to grant delay for the whole of January, which will not be so bad if they
stop other delays thereby, as they promise, but I believe that meanwhile they
will fall in suspicion of the Council, (fn. 5) and that the shameless conduct of the
English will always serve them for an excuse.
Thinks, however, they will see the unprofitableness of delay. There is no
way to obtain despatch, except by always soliciting, as I have done, without
coming to a rupture. Will continue to carry out the Emperor's wishes till
he has further orders. All his Majesty's servants here have the same intention,
as well his lawyers as the Queen's. Has engaged a new lawyer,
one of the best in Rome, for the Queen.
The Pope hears from the abbot del Nero, who has come from France,
that Benet is arrived, and he hopes a good result. Of this I have doubts, as
letters from the French court state that the king of England was urging the
French king to break with your Majesty. It is said also that the King has
secretly married his mistress; which I do not think could happen without
intelligence with France, nor that the intelligence could subsist without
their being sure of each other. Your Majesty will know more about it
Dr. Ortiz has asked the Pope for a brief for the separation of the King
and his mistress. Though I doubt his giving it us, as he refused it at
Bologna, and since here, I will press it until I have a third denial. Rome,
15 Jan. 1532.
After writing the above, had an interview with Sanga, who told me they
had granted this delay for the greater confusion of the English, as every one
was certain that they would have to condemn them; the relation would be
made without fail on 1 Feb. Said that the Pope had made many promises;
that I had written about them and nothing was done; no one would think
it was his fault, but I should be blamed. He said very decidedly that this
had not yet been promised to me, but he pledged his faith that after this
delay he would be my advocate and proctor; for which I thanked him, and
said that I should write to you.
Benet has despatched a courier from Paris, saying that he brings a good
resolution for everything. I do not believe it, for these English have complained
of this delay, and say that they are wronged in time not being given
them for the lawyers to come. It seems they wish to insist on it. I think
they will cause some lawyer to come, not because they need him, but that
they may have cause to complain if they are condemned. They say they
have on their side the opinions of very great lawyers, "si quiera para hazer
el juego maya."
I shall inform all the cardinals, and your Majesty's and the Queen's
lawyers will do the same.
They will not give a brief with censures, but they promise that the
Nuncio shall present this to the King, and afterwards another with censures.
If they give it to me I will send it to your Majesty, that you may forward
it to the Nuncio, who is your servant and a gentleman, and I hope will do his
office well. I send a copy with this.
The king of England has insulted an auditor of the Rota, who was going
as Nuncio to Scotland, and told him that the auditors set themselves to judge
the affairs of kings. The Auditor replied that this was nothing new, as it
was the pre-eminence of the Apostolic See and the Vicar of Christ, and he
wondered that the King objected to it (lo queria deffender). To this the
King said that he objected so strongly that he would never suffer it. The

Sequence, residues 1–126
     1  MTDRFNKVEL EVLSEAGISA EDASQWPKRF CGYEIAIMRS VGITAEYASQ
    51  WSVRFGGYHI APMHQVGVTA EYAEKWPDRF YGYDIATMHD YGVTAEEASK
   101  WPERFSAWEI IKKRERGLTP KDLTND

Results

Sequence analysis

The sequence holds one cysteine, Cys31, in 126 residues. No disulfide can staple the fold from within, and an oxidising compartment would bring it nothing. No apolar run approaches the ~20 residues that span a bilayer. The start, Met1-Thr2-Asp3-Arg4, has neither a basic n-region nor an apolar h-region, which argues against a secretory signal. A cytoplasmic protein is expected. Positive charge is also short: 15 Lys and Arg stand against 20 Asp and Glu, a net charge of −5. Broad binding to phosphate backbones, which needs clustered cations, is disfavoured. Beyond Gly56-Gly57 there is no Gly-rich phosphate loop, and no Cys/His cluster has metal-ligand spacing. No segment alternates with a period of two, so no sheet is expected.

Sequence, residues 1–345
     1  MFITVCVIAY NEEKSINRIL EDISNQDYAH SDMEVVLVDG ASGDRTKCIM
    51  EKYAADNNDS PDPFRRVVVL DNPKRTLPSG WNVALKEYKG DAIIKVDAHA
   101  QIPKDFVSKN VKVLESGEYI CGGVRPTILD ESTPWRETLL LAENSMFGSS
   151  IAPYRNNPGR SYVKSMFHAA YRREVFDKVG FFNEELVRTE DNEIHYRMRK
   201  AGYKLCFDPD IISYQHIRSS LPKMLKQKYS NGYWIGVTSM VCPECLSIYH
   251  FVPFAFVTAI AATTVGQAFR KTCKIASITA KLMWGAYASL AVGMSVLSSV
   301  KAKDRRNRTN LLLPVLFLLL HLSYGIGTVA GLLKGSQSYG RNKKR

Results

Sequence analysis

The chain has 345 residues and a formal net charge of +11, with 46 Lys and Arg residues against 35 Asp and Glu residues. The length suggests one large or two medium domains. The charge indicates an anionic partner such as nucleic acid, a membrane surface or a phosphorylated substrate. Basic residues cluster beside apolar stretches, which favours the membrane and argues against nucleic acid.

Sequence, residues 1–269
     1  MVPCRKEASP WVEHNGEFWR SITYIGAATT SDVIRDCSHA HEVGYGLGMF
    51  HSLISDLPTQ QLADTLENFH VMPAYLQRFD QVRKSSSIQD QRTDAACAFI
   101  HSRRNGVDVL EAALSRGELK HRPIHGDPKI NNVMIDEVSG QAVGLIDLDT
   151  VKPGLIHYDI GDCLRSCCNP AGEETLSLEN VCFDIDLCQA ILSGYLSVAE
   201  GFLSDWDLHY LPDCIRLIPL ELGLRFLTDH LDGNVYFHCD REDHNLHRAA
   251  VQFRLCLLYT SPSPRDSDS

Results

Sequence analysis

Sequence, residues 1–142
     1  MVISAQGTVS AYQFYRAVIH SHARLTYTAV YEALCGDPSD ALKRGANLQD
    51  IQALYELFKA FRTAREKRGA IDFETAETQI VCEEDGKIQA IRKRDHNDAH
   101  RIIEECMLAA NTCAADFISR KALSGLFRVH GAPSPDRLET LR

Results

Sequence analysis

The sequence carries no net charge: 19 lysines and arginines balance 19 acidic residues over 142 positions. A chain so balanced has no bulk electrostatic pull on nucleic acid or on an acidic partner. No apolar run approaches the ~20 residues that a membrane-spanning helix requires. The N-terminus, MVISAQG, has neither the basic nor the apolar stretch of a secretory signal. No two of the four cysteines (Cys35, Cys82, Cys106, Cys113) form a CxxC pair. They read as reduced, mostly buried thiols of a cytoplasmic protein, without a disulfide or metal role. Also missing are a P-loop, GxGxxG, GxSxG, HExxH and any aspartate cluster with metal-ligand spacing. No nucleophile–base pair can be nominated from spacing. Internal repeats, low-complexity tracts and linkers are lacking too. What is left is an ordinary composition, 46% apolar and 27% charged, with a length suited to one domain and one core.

King also said that he would be content if the Queen, himself, and the Pope
each named a judge, all prelates of England, and it appears to him that they
do him a gratuitous injury (que se le haze sobras) in not consenting to it.
The Pope said to Ortiz the other day that the kings of France and England
were so united that if one were lost, both would be lost, but he would not
on this account fail in doing justice.
The Auditor of the Chamber (Ghinucci) does not want to give up the
provision about Malta.
The Pope is more out of countenance than we are, for having interceded
with your Majesty for the Chancellor of the Religion. Rome, 25 Jan. 1532.
Sp., pp. 8. Modern copy.
28,584, f. 177.
748. Dr. Ortiz to Charles V.
Repeats his last letter [of 30 Dec.] Went to the Pope again to ask
for what had been promised during the vacation; that if the report about the
Queen was true, he would send this brief. Told him I had written this to
the Emperor, and now asked for the performance.
He replied that he was quite willing, and that a minute for the brief
should now be drawn. Thanked him for the service he was doing for
God, and then told the Ambassador, who was surprised, and said he should
go to the Pope and speak of it. He told me afterwards the Pope had said
the same to him; but he was discontented, and thought he would do
nothing, although he knew that I would get the minute drawn up. As the
Pope had told me to keep it secret, I, though inexperienced in this style,
then made a draft, of which a copy is enclosed. Took it to the cardinal of
Ancona on Twelfth Day, for correction and assistance in its speedy execution.
He said it was very good and weighty; the Pope's secretary would insert
the passage touching excommunication, and he himself would work for its
quick despatch. The same day showed the Pope the minute, of which he
approved, but some harsh words wanted softening. Since the death of
Sanctorum Quatuor the office of briefs has been held by the Auditor of the
Chamber, who is our principal adversary. Told the Pope I had showed the
minute to cardinal Ancona, and asked him to order the Cardinal to see and
correct it. He agreed to this, and that no one should know of it but the
Cardinal and his secretary.
At another time asked the Pope whether I might write to your Majesty
that he would look over (proveeria) this brief; to which he agreed. Two
days after he told me that the minute was being put into the proper form;
but the Ambassador does not believe it. I, however, am bound to believe the
prince of the Church and vicar of Christ.
As the post has not yet left, I can continue my account. The Pope's